Groundbreaking trials coming to Sayton-area Parkinson’s patients


Staff report



DAYTON – Dayton-area residents with Parkinson’s disease could be among the first to participate in groundbreaking trials, now that Premier Health and Wright State University have been accepted into the Parkinson’s Study Group (PSG).

PSG is the largest nonprofit network of Parkinson centers in North America. In the past three decades, clinics participating in the group have played a vital role in bringing some of the most innovative drugs to the market. Many of these medications have had a significant impact upon changing the course of the neurological disease.

“This is an honor for our site and also an incredible opportunity for Parkinson’s patients in Southwest Ohio,” said Mary Feldman, DO, a neurologist with Premier Health, who specializes in movement disorders. “We are talking about having free access to trials focused on neuroprotection. That means medications that work to change the course of the disease rather than just treat the symptoms.”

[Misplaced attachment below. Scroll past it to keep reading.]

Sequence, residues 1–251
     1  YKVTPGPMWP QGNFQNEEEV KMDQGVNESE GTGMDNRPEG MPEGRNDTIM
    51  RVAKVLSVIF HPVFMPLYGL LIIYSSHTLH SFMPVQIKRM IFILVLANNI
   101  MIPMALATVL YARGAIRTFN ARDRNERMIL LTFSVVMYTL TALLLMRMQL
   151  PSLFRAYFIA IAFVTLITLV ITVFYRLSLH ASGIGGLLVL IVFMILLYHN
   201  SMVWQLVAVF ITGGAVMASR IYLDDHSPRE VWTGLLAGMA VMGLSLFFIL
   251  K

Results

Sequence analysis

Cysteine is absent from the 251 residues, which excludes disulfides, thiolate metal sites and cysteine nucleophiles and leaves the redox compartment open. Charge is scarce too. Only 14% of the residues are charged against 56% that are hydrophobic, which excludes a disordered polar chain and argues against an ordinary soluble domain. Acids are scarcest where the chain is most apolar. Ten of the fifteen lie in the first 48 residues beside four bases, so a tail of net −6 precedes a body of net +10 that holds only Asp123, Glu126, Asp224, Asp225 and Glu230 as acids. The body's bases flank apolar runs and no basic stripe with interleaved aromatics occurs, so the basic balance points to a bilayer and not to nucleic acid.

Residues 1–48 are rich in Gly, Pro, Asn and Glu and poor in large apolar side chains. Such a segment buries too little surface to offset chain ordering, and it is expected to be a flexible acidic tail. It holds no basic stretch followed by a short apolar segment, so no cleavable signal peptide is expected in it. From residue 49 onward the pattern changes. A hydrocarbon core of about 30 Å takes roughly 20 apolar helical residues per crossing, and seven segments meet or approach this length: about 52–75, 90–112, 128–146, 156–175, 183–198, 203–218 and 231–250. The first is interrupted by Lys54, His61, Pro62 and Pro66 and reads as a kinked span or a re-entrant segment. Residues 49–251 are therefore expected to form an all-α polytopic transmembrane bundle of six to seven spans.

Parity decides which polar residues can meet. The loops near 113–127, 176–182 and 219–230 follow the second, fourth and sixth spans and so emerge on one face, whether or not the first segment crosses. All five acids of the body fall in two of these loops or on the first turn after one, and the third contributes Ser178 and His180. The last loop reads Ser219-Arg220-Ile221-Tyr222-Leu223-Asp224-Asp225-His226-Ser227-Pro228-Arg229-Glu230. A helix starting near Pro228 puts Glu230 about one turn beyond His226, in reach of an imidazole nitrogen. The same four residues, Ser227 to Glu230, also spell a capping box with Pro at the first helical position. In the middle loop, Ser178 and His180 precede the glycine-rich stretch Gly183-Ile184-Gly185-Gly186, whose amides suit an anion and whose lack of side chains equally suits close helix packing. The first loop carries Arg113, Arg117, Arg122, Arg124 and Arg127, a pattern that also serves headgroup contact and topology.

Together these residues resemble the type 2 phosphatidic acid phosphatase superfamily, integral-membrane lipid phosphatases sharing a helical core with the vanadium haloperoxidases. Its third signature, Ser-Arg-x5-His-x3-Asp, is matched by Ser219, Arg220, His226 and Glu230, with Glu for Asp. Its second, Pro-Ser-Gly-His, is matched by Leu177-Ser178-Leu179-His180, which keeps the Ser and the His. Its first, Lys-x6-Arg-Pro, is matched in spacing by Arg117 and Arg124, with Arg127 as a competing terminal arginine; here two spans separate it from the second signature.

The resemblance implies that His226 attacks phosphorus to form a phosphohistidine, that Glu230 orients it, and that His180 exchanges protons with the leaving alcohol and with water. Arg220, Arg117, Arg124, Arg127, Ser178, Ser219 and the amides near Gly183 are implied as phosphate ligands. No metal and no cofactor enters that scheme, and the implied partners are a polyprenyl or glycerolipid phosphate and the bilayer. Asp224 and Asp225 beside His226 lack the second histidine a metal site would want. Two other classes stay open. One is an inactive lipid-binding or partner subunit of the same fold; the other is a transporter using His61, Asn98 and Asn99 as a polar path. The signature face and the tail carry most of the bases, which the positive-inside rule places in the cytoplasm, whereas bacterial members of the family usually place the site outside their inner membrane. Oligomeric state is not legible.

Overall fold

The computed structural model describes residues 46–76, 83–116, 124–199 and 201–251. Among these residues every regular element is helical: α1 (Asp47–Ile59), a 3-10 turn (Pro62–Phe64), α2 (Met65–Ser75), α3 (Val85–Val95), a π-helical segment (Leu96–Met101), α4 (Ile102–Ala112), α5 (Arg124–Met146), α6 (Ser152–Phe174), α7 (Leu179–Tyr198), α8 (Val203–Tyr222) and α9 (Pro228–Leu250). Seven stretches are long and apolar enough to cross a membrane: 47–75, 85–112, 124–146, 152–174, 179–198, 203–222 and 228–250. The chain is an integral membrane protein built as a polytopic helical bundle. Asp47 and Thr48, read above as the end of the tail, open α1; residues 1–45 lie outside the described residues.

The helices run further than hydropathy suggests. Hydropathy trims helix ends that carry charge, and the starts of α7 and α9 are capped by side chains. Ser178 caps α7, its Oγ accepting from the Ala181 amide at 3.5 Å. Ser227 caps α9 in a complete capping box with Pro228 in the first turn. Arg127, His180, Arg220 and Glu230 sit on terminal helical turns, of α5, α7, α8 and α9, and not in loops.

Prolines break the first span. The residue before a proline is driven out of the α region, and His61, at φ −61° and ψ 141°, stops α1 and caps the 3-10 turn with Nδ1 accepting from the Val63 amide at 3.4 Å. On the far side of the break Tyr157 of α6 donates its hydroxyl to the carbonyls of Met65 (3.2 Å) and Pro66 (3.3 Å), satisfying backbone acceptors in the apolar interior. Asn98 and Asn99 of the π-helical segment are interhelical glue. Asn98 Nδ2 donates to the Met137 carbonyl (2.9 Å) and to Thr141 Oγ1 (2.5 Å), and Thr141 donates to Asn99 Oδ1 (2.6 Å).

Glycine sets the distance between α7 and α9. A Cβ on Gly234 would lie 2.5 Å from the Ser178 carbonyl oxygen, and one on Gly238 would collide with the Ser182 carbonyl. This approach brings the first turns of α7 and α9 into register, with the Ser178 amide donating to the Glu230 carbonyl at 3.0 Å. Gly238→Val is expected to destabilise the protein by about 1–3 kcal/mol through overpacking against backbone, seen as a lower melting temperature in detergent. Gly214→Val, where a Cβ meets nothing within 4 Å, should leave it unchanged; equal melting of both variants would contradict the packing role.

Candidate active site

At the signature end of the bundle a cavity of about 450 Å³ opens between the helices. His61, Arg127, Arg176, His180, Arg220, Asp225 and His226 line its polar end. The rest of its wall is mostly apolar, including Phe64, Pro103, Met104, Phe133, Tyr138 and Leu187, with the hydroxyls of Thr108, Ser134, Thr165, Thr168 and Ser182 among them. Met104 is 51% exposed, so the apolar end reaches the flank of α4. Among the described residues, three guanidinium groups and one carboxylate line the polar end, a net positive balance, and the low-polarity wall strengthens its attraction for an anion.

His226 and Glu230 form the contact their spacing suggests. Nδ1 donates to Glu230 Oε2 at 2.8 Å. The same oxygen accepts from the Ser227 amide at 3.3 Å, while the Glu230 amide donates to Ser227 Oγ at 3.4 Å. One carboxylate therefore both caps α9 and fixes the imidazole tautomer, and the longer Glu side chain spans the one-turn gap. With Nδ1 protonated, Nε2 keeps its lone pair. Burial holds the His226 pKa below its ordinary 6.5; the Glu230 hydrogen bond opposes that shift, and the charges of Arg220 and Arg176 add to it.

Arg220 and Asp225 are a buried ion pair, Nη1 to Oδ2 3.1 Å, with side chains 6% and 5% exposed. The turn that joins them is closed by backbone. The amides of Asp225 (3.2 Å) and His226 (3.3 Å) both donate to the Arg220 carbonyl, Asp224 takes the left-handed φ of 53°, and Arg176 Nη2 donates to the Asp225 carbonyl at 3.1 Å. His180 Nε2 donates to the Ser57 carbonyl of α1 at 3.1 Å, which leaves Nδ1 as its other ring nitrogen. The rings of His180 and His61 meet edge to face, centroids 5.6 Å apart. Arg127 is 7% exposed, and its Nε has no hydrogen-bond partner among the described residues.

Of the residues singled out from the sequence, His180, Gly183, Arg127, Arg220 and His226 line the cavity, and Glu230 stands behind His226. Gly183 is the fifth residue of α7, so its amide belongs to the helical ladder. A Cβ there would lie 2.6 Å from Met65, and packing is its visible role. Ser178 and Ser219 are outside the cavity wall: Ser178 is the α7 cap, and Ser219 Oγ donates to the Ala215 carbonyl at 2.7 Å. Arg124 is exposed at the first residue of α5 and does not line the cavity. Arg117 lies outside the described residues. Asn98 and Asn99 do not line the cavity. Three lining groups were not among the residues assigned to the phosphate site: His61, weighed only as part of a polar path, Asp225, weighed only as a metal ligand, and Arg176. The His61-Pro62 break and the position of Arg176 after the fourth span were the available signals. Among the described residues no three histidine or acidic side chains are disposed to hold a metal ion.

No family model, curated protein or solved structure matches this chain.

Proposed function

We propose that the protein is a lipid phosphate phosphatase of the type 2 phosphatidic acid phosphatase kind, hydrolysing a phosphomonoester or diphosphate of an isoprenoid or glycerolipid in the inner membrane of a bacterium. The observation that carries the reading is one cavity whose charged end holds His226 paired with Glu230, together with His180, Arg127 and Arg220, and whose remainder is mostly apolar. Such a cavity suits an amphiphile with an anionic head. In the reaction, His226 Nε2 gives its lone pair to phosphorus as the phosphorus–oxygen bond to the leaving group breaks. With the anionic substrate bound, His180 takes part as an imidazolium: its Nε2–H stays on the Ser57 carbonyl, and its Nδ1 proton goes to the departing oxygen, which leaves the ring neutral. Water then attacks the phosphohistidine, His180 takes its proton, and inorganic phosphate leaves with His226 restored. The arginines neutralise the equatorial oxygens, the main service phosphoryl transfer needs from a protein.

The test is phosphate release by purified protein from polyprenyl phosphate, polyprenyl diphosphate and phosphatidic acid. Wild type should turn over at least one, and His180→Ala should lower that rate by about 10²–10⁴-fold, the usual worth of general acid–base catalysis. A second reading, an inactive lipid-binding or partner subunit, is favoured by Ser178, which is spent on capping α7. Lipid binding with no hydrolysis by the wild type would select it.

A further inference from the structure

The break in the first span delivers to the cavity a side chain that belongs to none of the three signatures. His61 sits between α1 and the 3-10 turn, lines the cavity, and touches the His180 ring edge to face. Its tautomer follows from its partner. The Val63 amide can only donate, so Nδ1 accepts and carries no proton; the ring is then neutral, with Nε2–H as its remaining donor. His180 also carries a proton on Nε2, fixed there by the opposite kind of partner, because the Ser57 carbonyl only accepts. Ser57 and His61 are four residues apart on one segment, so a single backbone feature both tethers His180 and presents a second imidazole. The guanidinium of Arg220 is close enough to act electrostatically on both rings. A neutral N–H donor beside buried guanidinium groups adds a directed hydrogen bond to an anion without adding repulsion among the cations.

Parkinson’s disease is a neurodegenerative disorder that affects one million Americans. Symptoms of the disease often progress over a course of years, and may look different from person to person. Symptoms usually include a tremor mainly at rest, slowness of movement, limb rigidity, and gait and balance issues.

Patients who choose to participate in PSG trials will have access to medications that may not reach the market until years later. In addition, the trial covers all associated costs including medication, clinical visits, laboratory tests and neuroimaging.

“They also get to contribute to research, which I have found is a huge passion of those who are suffering from the disease,” said Dr. Feldman, who will conduct the trials through Premier Health’s Clinical Neuroscience Institute. “Patients have often told me that if they are going to have to suffer from this disease they want to have a purpose in the midst of it. Playing a role in furthering our research is a significant contribution.”

Premier Health is already a very active site for Parkinson’s disease clinical trials, Dr. Feldman said. Its association with PSG will help take its work to the next level and will allow for additional opportunities for Parkinson’s patients in the Dayton area.

Patients who are interested in participating in a trial can contact the Clinical Neuroscience Institute by calling 844-277-2894.

Staff report

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